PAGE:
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Reversing Mother Nature, Part Three

We talked to North America’s leading In Situ Leach (ISL) uranium mining engineers, and had them explain exactly how ISL worked. Most of the significant ISL operations in the United States were designed and/or constructed by these engineers. They explained how ISL mining is really just reversing the process of Mother Nature. CLEANING UP THE PROJECT Not so fast. Shipping the uranium out of the ISL plant isn’t the final step. The water has to be cleaned up, the property returned to its original condition.

If done properly, then the footprint of the ISL uranium operation should have been nearly erased. In an earlier article, “Wyoming Uranium: Now and the Future,” we talked to Pat Drummond at Smith Ranch about this process: The company is meticulous in restoring the landscape as well. Any restoration work on the surface is called “reclamation.” That can involve farming. “When we start a well field, we have to, by license, remove the topsoil and store it somewhere,” Drummond explained.

“When we go back to reclaim the property, we take all the pipes out, we take the houses down, and cut our wells off. It’s all identified. We put an ID marker on the well. In 50 years time, when Farmer Joe comes around and wonders what was there, the state can say, ‘That was a uranium well.’ From the time we’ve stopped mining, we put everything back to normal.” The one item we did not address at the time was cleaning up the water after the orebody has been mined out. Why is restoring the water back to background important? “In the mining process, you’re basically elevating sulfate,” explained Anthony. “You’re also elevating calcium because you’re lowering the pH a little bit, down to 6.5 to 7. Because you run it across the ion exchange circuits, you get a little leakage of chlorides into the lixiviant.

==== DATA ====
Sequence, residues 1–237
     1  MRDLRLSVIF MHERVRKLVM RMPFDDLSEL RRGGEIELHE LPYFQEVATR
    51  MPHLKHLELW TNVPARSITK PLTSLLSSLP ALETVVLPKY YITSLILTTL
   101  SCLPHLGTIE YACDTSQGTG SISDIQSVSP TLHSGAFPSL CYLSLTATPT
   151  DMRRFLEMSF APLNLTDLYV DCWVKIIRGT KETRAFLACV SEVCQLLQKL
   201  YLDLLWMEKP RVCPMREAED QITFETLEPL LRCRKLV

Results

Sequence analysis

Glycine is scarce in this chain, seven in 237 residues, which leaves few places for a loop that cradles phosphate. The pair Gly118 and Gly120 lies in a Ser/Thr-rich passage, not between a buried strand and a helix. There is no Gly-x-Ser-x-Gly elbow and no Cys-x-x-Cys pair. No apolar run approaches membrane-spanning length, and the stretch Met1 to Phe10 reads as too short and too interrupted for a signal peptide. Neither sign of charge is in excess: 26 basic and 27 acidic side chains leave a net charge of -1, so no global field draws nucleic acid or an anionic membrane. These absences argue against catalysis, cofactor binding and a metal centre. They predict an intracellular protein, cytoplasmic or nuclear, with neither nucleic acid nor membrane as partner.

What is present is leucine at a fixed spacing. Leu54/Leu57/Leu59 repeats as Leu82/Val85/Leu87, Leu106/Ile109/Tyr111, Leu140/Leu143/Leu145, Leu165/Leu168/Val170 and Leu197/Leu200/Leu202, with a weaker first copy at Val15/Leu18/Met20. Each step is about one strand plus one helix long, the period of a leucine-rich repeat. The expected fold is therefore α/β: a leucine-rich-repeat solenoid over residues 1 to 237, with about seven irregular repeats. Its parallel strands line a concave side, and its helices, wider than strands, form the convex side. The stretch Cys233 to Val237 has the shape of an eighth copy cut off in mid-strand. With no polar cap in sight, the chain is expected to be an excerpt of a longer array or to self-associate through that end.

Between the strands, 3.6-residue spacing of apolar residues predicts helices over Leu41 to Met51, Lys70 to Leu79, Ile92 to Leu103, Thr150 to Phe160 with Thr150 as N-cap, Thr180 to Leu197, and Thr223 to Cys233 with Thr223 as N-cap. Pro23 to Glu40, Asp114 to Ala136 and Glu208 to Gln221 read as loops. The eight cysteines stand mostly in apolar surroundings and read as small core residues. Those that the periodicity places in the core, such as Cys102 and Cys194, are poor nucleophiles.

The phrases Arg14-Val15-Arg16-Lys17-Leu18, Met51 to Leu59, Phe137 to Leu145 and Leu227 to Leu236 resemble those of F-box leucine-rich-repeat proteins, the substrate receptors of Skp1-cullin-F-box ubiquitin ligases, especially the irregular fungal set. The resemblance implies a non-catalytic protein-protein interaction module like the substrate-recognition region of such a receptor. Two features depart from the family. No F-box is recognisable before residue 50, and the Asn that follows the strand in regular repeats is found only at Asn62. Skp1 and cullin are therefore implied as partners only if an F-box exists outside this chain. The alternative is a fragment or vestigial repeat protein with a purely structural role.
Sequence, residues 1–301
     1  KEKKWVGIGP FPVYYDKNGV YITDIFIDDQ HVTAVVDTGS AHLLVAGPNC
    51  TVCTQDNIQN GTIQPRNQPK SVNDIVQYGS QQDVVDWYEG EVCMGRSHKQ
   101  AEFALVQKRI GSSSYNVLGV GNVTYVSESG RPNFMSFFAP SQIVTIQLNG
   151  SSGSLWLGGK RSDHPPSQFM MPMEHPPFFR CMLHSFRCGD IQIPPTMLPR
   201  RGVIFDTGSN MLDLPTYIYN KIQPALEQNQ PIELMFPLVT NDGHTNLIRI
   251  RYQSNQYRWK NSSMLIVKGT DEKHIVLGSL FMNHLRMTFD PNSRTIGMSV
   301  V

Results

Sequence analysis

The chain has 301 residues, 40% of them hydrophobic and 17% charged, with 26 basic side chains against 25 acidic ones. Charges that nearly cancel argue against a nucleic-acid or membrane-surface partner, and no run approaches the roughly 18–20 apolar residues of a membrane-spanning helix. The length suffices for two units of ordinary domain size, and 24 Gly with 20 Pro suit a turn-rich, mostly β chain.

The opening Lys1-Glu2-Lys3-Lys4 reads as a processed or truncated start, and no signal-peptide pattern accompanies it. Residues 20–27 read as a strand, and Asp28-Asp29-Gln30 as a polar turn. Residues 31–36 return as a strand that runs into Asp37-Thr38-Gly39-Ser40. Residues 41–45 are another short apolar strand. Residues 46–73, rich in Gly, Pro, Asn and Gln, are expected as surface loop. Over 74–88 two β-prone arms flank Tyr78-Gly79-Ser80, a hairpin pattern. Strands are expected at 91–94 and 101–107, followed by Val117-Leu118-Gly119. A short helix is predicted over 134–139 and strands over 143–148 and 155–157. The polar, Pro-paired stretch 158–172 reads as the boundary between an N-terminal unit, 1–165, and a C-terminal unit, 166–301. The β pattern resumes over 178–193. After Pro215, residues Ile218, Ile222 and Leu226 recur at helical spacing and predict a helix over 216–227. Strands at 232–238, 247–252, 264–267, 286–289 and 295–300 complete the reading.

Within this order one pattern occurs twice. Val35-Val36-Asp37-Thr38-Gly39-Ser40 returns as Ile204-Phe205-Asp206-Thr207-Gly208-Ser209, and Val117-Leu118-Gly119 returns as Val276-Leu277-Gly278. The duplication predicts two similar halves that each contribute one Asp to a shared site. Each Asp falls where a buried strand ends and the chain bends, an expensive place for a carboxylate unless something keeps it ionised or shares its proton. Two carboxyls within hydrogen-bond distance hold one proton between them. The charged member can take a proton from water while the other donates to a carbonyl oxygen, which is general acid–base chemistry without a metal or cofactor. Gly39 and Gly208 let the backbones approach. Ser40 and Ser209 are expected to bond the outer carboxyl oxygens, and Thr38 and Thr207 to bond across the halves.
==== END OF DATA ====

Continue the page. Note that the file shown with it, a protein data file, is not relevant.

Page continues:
” Subsequently, the water will have sulfate, chloride, calcium and bicarbonate circulating within it. “When you add carbon dioxide, you’re forming bicarbonate,” Anthony noted. “These are the major ion groups you are elevating during the mining process.” He also added that in some projects, you may get arsenic, vanadium and/or selenium. “They all go into the solution so that at the end of your mining process, these ions will be elevated above their baseline values.” The water will need to undergo a purification process to return them back to a quality consistent with baseline values.” What does the ISL operator do with the water once the facility has mined out the uranium? There are three options, which we discussed with Glenn Catchpole, who has also set up previous ISL operations. In 1996, Catchpole was the General Manager and Managing Director of the Inkai uranium solution mining project in Kazakhstan. He is currently the Chief Executive of Uranerz Energy. “Here’s my order of priority: If you have a receiver formation for deep disposal on your project, that’s my first choice.

” Sometimes, a project may not have access to a deep disposal aquifer, warned Catchpole. The water is sent down the receiver formation, down about 4000 feet. “You’re usually sending this water to a formation that is very briny, a poorer quality than what you’re sending down,” Anthony pointed out. Another option, according to Catchpole, would be operations ponds, or evaporating ponds, where the water is evaporated. A third option is “land applied.” Catchpole explained this was for land application. “You take your waste stream, you treat it to remove the certain level of impurities, according to the government requirement, and then you’re allowed to disperse it on the land surface, as if you were irrigating.” When applied to the land, it is soaking into the land. “It’s growing grass, and it’s going into the groundwater system,” concluded Catchpole, “Whatever water quality standard they allow for you to put that water in the land, they want to ensure it doesn’t accumulate some particular chemical over time that is going to build up and contaminate the land.” Generally, during the restoration process, the water is circulated through the barren orebody about eight times.

It’s another instance of pore volumes – eight more times through the sandstone formation. Anthony explained, “Normally, the first pore volume is evacuated and disposed of via a disposal well.” But he warned, “This will cause an inflow of surrounding native water back into the mine zone. The resulting water is pumped to the surface and processed through a reverse osmosis unit.” Anthony compared this to the desalination of seawater. “The reverse osmosis equipment acts like an ‘ion filter,’ allowing pure water to pass through a membrane and filtering out ions of sulfate, calcium, uranium, bicarbonate and so forth,” Anthony explained. Two streams of water are produced by the reverse osmosis unit. One stream is called “product water,” and is normally consistent with drinking water quality. The smaller stream of water is called “brine.


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